Deutsche Bank, Pressure at the Top.
Most CEOs are zealous about meeting and courting their largest shareholder.
Not Deutsche Bank AG’s John Cryan. He’s made a point of avoiding his.
That owner happens to be Chinese conglomerate HNA Group Co. , a controversial actor on the global scene, which in the spring built its stake in the German lender to nearly 10%.
Mr. Cryan has told associates he wanted nothing to do with the Chinese conglomerate. The iciness has raised eyebrows among Deutsche Bank supervisory-board members and clients, say people close to the bank. And it has irked Paul Achleitner, the company chairman who helped woo HNA. Mr. Achleitner doesn’t like executives airing negative views of individual shareholders, people close to the bank say.
The tensions between HNA, Mr. Cryan and Mr. Achleitner come as Deutsche Bank has struggled for most of a decade to revive profits and bring stability in its upper ranks. Undermining those rebuilding efforts are a slow turnaround and internal clashes over style and strategy that have spilled into meetings with clients and regulators, according to people close to the bank.
At the center is Deutsche Bank’s chief executive, Mr. Cryan, a Briton overseeing Germany’s largest lender. Mr. Cryan has had to mediate between German and U.K. managers vying for money and staffing in the bank’s reconfiguration for a post-Brexit world. He’s under pressure from investors to cut costs, update technology and resuscitate investment-bank profits. And in the background, he has shunned HNA.
Mr. Achleitner was the primary architect of Deutsche Bank’s existing executive suite and is known as a hands-on chairman. Some senior executives at times have bypassed Mr. Cryan to appeal to Mr. Achleitner for support on high-level decisions, people close to the bank say.
Early on, this muddied the management waters for Mr. Cryan, people close to the two men say. A bank spokesman says it is normal for a German chairman to have “regular interaction with all management board members.” Mr. Achleitner supports Mr. Cryan, and it is good for them to disagree at times, some of the people close to them say.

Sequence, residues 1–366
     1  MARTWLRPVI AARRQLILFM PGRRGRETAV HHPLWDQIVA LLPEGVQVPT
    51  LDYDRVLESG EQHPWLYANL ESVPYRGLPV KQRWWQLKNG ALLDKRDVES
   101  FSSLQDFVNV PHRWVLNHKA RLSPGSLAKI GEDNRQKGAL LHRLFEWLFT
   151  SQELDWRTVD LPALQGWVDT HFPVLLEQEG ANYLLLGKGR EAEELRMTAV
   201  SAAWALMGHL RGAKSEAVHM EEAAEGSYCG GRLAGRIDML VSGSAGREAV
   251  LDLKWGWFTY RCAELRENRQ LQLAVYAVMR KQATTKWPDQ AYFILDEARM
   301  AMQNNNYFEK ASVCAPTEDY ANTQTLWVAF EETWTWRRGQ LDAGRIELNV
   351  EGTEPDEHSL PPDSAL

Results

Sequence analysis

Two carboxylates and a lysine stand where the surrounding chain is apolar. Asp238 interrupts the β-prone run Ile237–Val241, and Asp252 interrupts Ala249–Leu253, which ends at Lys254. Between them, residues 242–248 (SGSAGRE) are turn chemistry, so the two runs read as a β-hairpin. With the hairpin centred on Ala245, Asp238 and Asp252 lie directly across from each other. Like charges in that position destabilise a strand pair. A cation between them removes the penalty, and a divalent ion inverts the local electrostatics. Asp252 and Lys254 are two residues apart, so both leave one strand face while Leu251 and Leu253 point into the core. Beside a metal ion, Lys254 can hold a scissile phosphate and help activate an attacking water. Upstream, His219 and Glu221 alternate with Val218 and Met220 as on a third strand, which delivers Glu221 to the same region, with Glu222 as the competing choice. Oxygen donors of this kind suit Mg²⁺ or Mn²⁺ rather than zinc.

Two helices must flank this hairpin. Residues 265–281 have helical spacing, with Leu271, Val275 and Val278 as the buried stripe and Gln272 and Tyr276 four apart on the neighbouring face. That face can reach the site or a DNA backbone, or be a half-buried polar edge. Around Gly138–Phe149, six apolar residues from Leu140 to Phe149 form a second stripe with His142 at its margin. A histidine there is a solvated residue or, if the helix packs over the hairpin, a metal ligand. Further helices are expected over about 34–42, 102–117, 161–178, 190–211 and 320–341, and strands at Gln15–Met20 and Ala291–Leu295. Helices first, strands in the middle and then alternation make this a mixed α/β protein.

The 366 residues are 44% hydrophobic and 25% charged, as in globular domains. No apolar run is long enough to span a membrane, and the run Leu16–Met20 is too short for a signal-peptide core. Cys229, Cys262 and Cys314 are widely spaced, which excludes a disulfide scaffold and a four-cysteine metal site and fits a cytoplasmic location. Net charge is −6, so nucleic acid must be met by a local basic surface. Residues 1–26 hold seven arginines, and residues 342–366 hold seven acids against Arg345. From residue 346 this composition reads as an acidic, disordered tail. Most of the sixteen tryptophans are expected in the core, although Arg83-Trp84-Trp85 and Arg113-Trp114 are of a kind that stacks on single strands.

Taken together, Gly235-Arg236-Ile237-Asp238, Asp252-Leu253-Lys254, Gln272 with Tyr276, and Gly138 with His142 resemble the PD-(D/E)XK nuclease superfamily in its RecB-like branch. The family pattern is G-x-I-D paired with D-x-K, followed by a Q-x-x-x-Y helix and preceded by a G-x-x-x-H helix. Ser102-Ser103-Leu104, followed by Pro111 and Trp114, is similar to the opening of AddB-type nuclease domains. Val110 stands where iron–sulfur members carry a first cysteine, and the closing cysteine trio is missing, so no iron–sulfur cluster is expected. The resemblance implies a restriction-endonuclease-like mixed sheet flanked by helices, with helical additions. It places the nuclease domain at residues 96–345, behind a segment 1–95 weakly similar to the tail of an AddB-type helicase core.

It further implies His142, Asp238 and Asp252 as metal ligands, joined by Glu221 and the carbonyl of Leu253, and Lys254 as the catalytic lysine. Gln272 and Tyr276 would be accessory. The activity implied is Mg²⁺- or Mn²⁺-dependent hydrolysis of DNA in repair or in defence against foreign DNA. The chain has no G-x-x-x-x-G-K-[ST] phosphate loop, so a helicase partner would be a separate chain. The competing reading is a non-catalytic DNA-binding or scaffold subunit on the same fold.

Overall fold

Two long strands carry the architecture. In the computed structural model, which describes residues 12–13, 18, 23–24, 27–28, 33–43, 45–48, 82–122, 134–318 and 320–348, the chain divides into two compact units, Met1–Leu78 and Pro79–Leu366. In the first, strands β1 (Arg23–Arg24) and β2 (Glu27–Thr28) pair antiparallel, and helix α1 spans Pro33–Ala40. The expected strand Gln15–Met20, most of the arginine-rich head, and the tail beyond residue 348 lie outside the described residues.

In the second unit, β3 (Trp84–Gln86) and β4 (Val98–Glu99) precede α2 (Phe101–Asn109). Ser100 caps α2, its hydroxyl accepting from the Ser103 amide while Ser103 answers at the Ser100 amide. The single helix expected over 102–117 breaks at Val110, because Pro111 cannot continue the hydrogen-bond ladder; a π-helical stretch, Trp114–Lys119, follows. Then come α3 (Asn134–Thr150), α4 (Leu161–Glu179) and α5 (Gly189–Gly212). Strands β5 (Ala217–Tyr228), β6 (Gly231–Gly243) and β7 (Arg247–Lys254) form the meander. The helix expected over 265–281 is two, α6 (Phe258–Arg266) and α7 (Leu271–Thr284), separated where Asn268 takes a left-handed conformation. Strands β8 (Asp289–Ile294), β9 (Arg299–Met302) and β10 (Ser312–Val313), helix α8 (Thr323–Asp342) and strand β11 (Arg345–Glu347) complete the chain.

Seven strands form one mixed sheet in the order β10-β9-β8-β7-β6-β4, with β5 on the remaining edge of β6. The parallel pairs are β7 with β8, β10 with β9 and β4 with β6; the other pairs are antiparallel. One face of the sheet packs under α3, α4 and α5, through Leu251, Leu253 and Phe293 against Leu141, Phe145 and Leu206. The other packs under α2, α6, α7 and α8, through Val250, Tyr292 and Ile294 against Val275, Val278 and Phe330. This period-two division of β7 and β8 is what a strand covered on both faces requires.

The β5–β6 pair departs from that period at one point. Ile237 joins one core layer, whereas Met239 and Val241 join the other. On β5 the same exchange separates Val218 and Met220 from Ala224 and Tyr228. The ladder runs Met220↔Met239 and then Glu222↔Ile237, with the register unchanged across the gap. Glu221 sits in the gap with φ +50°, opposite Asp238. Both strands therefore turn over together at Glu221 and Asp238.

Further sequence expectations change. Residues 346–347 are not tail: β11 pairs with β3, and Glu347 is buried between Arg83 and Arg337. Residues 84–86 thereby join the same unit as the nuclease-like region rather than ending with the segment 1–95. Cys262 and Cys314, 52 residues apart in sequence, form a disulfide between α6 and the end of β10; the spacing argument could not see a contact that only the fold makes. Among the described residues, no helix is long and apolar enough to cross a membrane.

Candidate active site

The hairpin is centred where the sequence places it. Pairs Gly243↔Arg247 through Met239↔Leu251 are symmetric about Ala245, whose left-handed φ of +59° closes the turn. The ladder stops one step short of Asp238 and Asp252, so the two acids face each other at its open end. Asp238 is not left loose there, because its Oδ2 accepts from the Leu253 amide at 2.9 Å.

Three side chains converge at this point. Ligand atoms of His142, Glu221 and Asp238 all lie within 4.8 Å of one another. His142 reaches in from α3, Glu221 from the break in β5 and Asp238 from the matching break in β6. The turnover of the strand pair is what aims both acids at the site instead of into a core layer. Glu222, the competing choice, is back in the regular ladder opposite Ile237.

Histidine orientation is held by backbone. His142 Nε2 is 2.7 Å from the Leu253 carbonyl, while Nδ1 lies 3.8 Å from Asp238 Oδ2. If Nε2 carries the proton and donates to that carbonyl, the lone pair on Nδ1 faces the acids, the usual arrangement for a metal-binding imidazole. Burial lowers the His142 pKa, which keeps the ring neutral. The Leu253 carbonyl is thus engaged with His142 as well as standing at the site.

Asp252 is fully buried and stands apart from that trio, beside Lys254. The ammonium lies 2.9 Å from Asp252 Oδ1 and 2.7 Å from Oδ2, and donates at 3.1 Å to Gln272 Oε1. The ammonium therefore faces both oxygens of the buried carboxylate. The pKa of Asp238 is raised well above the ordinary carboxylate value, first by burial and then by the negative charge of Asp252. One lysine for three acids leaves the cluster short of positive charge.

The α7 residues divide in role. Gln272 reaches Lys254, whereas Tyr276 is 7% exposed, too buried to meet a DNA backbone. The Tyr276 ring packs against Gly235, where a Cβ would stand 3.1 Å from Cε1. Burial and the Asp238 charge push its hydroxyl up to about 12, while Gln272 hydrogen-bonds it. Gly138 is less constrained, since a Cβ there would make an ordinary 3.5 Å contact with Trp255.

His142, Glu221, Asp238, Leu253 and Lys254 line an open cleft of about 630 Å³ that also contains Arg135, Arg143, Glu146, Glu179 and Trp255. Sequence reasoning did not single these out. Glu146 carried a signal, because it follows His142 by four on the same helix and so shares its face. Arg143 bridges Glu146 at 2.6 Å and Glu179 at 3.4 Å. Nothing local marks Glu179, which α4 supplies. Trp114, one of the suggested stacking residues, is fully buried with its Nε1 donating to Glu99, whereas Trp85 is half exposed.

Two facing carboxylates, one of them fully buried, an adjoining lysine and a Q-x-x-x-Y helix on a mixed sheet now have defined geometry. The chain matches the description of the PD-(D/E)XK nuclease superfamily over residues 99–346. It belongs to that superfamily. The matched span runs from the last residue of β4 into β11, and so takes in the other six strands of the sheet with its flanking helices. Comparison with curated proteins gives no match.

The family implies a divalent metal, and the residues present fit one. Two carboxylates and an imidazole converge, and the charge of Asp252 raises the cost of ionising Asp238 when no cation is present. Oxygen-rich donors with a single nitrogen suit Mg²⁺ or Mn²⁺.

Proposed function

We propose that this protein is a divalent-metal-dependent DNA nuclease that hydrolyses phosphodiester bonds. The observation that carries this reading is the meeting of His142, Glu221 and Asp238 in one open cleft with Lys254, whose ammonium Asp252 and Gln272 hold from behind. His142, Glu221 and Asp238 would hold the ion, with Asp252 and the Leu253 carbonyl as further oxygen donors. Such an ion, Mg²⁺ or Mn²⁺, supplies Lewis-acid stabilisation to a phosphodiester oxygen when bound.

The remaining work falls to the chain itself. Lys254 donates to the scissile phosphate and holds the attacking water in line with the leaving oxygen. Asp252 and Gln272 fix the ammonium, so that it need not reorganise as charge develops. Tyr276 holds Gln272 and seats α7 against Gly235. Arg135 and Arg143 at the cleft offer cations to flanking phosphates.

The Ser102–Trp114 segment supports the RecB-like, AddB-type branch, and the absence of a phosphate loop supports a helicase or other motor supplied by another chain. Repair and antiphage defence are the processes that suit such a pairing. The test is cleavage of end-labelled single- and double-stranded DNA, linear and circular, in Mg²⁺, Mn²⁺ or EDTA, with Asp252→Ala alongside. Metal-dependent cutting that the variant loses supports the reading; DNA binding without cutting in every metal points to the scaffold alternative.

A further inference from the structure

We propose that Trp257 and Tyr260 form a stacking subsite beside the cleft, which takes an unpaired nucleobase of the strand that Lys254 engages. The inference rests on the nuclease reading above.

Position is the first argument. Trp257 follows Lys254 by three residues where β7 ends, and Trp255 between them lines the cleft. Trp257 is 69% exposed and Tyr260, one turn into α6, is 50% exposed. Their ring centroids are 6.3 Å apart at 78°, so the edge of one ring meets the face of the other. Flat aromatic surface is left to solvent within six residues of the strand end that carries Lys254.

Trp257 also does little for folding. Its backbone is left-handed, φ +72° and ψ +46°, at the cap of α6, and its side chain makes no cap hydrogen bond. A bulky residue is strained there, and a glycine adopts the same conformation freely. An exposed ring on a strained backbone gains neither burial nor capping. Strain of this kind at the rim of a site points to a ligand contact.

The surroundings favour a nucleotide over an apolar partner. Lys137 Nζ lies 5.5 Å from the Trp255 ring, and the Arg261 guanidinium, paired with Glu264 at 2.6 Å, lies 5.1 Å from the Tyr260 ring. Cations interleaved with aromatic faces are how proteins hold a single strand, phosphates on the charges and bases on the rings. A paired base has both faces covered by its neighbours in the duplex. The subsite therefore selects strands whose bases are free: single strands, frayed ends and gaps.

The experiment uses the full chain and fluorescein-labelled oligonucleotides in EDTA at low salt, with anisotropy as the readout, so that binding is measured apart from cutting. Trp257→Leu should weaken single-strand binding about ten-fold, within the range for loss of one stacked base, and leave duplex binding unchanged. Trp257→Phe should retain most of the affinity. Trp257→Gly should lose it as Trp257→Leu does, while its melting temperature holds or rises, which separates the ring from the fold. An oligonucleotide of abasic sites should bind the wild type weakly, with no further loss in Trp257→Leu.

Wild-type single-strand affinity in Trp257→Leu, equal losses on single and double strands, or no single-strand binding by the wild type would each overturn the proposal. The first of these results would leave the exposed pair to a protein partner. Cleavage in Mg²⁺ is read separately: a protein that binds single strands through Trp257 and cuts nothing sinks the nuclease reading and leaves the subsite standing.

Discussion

Over the past year, Deutsche Bank has survived legal battles that threatened its stability in the eyes of investors and clients, and raised $8.5 billion in capital. It also has flip-flopped on major strategy decisions, such as splitting and then recombining its trading unit and investment bank.
But this year brought other, fresh complications. Mr. Achleitner helped Deutsche Bank court HNA, before and during the German lender’s capital hike in March and April, people close to the bank say.
Mr. Cryan and HNA CEO Adam Tan haven’t met, the people close to the bank say. Mr. Achleitner and HNA representatives tried to bring the two together, but Mr. Cryan prefers to focus on clients and regulators, people close to the Deutsche Bank CEO say.
“Yes, he hasn’t met him, but of course he will,” a Deutsche Bank spokesman said.
HNA has drawn scrutiny well beyond Deutsche Bank. German and European regulators are reviewing the company, its funding and its Deutsche Bank holding, including what influence HNA might have over the bank as its largest shareholder. The closely held company had faced mounting questions about its ownership and potential ties to the Chinese government as it has ramped up overseas investment.
In the U.S. and elsewhere, some investment banks eager to profit from HNA’s deal fervor by funding and advising on more of its acquisitions have hit pause, people close to the firms say.